It can be difficult to talk to your Veterinarian about euthanasia, but that doesn’t mean it should be a mystery. Euthanasia is a special privilege that allows us to end suffering in a safe, painless, and dignified manner.
Some of the quality of life issues which can contribute to reaching this decision include:
- severe irreparable injuries
- uncontrollable pain
- severely decreased mobility (not being able to stand)
- refusing food, no longer drinking
- terminal illnesses such as cancer where symptoms cannot be controlled with palliative care.
It is never easy to make the decision to euthanize your pet, but it is up to us (the pet owner and vet) to keep the animal’s best interest at heart. We take every care to make the process as peaceful and calm as possible.
Our veterinary staff will help to guide and support you through this process.
Your vet will discuss the procedure and what to expect with you before proceeding. Sometimes your pet will be sedated first, other times not – depending on the situation. It is the pet owner’s choice whether to remain with their pet while this is being administered.
The process of euthanasia is fairly standard. Before euthanasia, you are asked if you would like to have your pet cremated or if you will take him/her home. You will be asked to sign a form stating that you understand what euthanasia is, and that you give the Veterinarian permission to euthanize your pet. At this time, if you want, you can request to pay the bill before the procedure, as it is sometimes unpleasant to be in a waiting room, paying your bill, afterwards.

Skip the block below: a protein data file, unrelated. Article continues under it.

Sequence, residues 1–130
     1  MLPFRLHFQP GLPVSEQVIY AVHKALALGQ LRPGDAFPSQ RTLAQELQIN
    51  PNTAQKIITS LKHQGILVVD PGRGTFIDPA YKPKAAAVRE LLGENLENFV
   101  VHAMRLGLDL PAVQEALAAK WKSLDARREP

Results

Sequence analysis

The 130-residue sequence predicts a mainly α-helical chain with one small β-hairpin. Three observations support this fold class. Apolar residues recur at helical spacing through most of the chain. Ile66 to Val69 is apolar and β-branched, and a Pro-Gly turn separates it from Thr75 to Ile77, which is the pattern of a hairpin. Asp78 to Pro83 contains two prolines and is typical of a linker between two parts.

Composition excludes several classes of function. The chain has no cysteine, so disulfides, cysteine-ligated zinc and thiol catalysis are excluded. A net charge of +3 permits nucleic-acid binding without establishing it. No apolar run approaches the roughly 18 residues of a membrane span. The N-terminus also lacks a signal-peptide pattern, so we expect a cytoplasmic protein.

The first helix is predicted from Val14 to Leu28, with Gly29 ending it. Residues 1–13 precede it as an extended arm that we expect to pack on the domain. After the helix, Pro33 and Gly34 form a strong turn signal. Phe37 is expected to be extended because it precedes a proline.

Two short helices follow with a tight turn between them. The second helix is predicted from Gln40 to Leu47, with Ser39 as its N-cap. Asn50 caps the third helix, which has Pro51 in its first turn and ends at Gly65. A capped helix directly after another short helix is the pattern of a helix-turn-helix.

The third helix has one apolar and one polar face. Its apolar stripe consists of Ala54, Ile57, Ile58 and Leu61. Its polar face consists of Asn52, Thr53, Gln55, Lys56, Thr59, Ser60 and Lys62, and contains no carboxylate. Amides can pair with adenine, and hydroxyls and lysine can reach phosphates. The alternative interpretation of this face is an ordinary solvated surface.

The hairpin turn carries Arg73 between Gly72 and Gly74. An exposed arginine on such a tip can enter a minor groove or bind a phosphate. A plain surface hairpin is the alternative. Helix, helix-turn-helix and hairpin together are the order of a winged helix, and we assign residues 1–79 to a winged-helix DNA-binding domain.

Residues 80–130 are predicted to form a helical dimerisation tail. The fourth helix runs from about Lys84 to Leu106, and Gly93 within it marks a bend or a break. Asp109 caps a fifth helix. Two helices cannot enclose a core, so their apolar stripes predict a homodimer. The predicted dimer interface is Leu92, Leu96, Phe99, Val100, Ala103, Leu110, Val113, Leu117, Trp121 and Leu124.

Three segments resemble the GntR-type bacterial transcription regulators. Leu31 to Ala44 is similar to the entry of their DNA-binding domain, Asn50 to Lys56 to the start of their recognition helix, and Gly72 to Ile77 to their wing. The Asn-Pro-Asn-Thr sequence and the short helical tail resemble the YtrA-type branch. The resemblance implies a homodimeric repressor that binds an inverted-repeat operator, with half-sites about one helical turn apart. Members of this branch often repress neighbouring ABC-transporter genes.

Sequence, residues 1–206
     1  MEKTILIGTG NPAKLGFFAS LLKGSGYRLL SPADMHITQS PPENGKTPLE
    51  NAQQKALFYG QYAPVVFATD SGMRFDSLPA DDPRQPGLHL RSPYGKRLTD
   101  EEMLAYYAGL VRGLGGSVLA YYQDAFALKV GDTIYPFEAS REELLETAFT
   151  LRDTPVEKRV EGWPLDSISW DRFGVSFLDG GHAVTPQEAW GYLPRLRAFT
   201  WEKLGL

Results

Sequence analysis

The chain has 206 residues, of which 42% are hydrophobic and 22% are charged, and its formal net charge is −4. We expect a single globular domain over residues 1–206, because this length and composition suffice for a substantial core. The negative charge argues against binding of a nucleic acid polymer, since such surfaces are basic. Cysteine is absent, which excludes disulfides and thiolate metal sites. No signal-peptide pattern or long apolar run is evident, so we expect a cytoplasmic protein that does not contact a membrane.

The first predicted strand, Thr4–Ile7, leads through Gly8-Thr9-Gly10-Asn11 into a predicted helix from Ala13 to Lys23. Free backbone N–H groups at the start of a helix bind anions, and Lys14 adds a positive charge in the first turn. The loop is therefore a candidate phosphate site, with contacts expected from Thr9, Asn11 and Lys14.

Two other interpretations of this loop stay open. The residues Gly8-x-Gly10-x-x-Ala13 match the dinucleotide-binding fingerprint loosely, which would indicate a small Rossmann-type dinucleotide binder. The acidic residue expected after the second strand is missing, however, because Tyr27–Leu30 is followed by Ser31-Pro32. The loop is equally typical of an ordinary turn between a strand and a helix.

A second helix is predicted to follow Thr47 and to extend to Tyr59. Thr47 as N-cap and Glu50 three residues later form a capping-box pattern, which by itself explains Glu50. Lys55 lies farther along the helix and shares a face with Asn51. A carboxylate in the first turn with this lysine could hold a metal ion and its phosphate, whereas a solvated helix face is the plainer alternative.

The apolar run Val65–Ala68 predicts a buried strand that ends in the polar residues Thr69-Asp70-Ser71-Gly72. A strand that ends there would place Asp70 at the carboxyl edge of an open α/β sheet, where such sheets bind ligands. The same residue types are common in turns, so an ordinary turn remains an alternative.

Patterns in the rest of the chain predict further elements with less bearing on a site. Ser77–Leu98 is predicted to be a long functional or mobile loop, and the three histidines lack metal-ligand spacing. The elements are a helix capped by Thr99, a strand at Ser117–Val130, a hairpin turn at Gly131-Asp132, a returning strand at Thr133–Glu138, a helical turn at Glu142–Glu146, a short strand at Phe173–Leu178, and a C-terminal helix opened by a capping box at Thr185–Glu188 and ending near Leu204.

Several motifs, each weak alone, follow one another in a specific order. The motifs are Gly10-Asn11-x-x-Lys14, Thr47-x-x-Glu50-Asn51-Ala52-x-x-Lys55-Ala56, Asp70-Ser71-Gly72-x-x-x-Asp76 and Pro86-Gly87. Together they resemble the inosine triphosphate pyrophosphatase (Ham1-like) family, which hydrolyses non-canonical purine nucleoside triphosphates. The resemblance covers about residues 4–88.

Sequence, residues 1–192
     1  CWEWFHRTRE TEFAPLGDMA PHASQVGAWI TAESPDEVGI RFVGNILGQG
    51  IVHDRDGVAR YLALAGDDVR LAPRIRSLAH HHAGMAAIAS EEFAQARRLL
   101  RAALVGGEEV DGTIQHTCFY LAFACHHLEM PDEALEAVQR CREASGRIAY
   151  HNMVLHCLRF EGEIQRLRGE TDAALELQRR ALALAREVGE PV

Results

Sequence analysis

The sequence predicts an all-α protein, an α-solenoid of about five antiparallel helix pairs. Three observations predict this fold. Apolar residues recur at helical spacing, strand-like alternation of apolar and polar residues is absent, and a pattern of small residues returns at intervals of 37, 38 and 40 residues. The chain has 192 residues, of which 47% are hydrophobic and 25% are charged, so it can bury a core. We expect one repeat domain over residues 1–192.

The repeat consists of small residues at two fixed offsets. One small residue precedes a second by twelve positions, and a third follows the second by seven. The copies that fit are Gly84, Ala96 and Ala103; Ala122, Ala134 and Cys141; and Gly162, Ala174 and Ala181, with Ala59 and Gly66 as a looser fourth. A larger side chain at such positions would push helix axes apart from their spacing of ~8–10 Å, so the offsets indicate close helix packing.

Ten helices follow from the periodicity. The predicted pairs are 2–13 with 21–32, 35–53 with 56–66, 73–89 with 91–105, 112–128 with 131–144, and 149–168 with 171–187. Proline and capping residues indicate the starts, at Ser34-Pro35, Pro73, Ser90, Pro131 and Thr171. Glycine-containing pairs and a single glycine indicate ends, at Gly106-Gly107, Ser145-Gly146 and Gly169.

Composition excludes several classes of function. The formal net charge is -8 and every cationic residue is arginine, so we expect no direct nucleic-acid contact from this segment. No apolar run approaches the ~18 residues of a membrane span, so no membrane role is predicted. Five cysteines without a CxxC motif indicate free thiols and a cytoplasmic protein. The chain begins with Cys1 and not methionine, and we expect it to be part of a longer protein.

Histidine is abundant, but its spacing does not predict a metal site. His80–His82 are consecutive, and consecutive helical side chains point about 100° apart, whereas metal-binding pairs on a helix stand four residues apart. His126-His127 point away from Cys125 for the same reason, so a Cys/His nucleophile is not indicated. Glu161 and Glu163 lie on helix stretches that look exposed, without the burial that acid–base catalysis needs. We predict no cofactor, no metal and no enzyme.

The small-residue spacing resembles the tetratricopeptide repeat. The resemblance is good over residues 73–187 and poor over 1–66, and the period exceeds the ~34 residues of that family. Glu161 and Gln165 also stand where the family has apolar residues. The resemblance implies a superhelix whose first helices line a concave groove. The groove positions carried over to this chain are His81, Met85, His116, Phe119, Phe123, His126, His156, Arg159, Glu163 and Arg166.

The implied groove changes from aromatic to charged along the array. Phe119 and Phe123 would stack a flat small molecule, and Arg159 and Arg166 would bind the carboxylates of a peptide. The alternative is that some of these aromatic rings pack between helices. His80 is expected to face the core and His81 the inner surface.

You are given the option of whether or not to be in the room with your pet. Usually the veterinarian has a nurse in the room, holding the pet. You can touch and talk to your pet but, in order to inject properly, it is essential that the nurse holds your pet.
The fur on the leg is clipped, and either the Veterinarian places a catheter (taped to the leg) or simply uses a needle and syringe. The needle size is similar to what is used with a vaccination, but this time goes in the leg vein instead of under the skin. It works very fast in most animals, the body completely relaxes and sometimes releases deep reflex breaths, possibly muscle twitches and sometimes as relaxation occurs the bladder or bowels may release. The procedure is quick and painless for your pet.
Making the decision to euthanize a beloved pet can be hard. If you have any questions about euthanasia, or your pet’s quality of life, feel free to talk to one of your Anexa veterinarians. We know that this can be a difficult topic, but we’d like to make understanding euthanasia as easy as possible.